Unilever is threatening to pull its ads from any platform, including Facebook and Google, that allows “toxic” content, according to Reuters. Keith Weed, Unilever’s chief marketing officer, said the company — which owns numerous well-known consumer-packaged goods (CPG) brands including Ben & Jerry’s, Dove, and Lipton — will not invest in platforms that create division in society, do not protect children, or promote fake news.
Unilever spent over $9 billion in advertising in 2017, second only to Proctor & Gamble, which spent over $10 billion. The company is taking a firmer stance on brand safety and is willing to work with social giants to come up with a solution.
Unilever is focused on “responsible content” and “responsible infrastructure.” In terms of content, Unilever plans to tackle gender stereotypes in advertising and improve its own brand messaging after missing the mark on a Dove campaign last year that led to a social media backlash. In addition, the company has committed to partnering with organizations that strive to improve the transparency of the digital media supply chain.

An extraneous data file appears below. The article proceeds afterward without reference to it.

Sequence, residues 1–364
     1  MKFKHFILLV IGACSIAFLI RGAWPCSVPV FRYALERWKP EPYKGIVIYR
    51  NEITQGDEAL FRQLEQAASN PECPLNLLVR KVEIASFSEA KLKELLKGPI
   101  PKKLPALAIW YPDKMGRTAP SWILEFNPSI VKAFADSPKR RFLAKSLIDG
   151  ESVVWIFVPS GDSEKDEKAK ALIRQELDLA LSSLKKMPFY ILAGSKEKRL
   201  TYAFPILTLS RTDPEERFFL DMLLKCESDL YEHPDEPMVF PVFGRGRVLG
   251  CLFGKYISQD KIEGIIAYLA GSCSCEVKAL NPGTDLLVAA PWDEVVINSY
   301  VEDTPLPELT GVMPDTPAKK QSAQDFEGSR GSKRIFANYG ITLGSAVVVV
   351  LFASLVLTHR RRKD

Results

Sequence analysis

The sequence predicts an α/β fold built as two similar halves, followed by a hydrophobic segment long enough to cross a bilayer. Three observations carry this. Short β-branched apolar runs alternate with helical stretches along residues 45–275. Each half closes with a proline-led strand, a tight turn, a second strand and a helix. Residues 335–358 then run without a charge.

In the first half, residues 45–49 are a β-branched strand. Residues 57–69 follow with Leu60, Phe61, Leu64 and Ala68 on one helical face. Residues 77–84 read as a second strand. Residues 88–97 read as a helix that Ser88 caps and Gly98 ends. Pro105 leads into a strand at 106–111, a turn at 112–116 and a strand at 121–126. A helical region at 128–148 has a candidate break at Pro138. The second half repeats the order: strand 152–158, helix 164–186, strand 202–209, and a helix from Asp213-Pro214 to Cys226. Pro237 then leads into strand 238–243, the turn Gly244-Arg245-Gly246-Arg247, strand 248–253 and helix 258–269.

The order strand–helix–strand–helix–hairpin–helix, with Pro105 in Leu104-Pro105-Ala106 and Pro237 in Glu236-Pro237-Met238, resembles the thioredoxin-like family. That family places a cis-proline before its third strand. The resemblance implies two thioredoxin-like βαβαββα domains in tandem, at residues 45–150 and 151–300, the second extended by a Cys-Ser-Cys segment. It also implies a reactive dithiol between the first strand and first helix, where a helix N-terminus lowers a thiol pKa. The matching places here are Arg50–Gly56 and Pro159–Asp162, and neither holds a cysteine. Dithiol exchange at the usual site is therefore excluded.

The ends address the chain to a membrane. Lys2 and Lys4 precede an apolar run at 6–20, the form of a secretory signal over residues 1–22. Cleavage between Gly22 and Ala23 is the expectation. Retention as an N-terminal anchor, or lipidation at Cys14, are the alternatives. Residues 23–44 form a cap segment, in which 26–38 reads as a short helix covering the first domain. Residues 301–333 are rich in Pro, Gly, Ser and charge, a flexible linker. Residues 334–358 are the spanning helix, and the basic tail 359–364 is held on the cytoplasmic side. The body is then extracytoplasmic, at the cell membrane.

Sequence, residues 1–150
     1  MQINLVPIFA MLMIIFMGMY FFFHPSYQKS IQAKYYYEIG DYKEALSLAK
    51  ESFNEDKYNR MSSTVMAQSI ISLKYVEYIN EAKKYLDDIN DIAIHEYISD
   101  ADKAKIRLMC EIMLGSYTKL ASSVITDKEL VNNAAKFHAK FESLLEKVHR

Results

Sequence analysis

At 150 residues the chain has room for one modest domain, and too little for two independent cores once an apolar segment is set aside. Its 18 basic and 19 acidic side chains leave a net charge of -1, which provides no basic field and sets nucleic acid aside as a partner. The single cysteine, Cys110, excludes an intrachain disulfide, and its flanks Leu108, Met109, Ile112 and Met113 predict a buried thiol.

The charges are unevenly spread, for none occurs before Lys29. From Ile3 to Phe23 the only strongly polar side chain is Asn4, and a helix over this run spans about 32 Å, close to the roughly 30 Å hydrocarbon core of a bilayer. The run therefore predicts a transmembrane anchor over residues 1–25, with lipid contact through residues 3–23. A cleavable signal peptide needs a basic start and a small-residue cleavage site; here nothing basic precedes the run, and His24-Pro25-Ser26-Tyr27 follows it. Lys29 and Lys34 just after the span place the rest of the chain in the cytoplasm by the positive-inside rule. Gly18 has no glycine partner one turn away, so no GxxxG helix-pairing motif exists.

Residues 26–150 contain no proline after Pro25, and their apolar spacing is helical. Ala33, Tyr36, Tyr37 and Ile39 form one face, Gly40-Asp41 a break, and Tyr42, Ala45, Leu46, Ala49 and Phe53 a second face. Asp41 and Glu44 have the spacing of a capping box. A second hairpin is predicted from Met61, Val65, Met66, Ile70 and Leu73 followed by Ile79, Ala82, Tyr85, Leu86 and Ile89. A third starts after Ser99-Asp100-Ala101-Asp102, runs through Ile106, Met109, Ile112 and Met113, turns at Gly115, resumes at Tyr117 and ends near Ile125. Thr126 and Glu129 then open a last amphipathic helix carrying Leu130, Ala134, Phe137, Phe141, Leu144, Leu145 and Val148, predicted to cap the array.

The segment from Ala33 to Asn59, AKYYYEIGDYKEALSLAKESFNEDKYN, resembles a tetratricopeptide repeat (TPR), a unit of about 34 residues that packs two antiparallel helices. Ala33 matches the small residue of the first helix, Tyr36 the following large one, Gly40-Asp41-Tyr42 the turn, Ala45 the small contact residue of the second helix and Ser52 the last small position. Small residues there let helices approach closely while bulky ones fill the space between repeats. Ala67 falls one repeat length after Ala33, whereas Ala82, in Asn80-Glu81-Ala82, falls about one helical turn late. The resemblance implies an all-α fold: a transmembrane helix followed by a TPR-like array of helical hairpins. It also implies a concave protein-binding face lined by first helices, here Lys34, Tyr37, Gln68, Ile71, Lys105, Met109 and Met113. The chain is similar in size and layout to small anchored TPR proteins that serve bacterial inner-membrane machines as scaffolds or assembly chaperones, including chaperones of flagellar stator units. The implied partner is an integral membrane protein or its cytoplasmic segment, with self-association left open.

Moves by Facebook and Google to address advertisers’ concerns has been tooboth companies have launched programs to vet the types of content that populate their platforms, the progress thus far is still not enough to appease brand-safety-minded advertisers with large budgets. This potentially opens the door for TV broadcasters to lure ad dollars away from digital platforms, as TV is often seen as a transparent, brand-safe environment, albeit more expensive than digital advertising.
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